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|July 28, 1998||
Centre may propose reasonable solution to Cauvery crisis
N Sathiya Moorthy in Madras
The Centre is likely to propose a tripartite monitoring mechanism for implementing the Cauvery Waters Tribunal's interim award.
The proposal, likely to be made at the chief secretary-level talks at Delhi on Wednesday, seeks to address itself to the concerns of Karnataka while acknowledging the 'rightful claims' of Tamil Nadu under the law.
''There are no two courses available to the Centre once the Supreme Court puts its foot down on the implementation of the interim award,'' says an informed source. ''The award has been made as per the law of the land, and the Centre's agreed duty is only to formulate a mechanism for monitoring the implementation, and notifying it in the central gazette.'' Maybe, he adds, Kerala and Pondicherry too will be in the monitoring team apart from Tamil Nadu and Karnataka.
In this context, the source refers to the stand taken by the Karnataka government. That state's officials also appreciate the legal position, that the interim award has to be implemented. And they only want the appointment of a statutory committee for implementation deferred until the tribunal's final award is known, says the source, referring to Karnataka Law Minister M C Nanaiah's statement in this regard.
The source appreciates the Karnataka stand that an experts committee from outside the four riparian states be formed as an interim measure for implementation. ''Maybe, outside experts can be co-opted as members, or the Centre could bring them in as its nominees,'' the source says adding, ''It will make things easier if the respective governments talk to the monitoring committee, if not at the monitoring committee."
As he points out, both the Cauvery Waters Tribunal and also the subsequent experts committee appointed by the Centre in the wake of a fast undertaken by then Tamil Nadu chief minister J Jayalalitha in 1993 were similar exercises. "They have not helped matters,'' the source adds and refers to the Jyoti Basu-led CMs panel that went into the Alamatti row between Andhra Pradesh and Karnataka and failed.
The Centre is obviously keen on solving the problem before the August 12 hearing of the Cauvery case in the Supreme Court, says the source. ''That may be why it wants to keep political compulsions and emotions away from the talks, and has confined Wednesday's meeting to bureaucrats. The political masters in the four states would be brought in, when a solution presents itself.''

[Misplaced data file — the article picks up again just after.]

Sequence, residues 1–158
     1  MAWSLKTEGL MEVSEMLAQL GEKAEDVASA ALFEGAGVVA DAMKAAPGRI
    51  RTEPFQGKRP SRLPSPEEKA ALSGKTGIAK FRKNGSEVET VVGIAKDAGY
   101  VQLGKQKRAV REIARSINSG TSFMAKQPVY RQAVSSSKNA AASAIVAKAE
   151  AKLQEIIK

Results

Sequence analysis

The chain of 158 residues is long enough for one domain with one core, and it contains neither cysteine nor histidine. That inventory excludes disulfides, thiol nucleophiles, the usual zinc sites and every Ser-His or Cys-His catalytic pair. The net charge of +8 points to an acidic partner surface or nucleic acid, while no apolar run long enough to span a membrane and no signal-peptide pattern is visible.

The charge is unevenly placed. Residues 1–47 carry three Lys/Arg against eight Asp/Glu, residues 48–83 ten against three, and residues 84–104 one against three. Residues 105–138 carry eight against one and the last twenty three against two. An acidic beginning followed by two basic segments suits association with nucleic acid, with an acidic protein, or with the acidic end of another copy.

Should the Centre fail in its attempts, it would report its efforts to the court. It will then be for the judiciary to tell the Centre, what to do next. ''It will then be for the Supreme Court to decide whether to seek the opinion of the four states, particularly Tamil Nadu and Karnataka, to present their views on the draft scheme proposed by the Centre, or pass its orders, based on the submissions made by the Centre.''
The former course, claims the source, ''may put the court in the role of an arbitrator above the Centre, which is not envisioned by the law in this case. The Centre is expected under the Inter-State River Waters Dispute Act to notify the interim award of any tribunal, and the court has already held that 'award' includes 'interim award', as well. The question is only about the 'monitoring mechanism', or the 'implementation authority.''
Says the source in this context: ''Like the Centre, the court too may have to take into account the practicality of implementation. If it entertains submissions by the four states afresh on any central scheme for implementation, then it would delay the case. But if it passes an order, it has to be made workable with the least of problems.''
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